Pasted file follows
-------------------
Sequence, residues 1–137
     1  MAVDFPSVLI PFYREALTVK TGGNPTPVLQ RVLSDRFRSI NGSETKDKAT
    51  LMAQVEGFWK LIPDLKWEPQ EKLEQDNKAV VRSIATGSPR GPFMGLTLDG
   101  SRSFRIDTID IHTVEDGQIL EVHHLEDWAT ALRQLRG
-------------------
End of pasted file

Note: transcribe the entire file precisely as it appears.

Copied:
Sequence, residues 1–137
     1  MAVDFPSVLI PFYREALTVK TGGNPTPVLQ RVLSDRFRSI NGSETKDKAT
    51  LMAQVEGFWK LIPDLKWEPQ EKLEQDNKAV VRSIATGSPR GPFMGLTLDG
   101  SRSFRIDTID IHTVEDGQIL EVHHLEDWAT ALRQLRG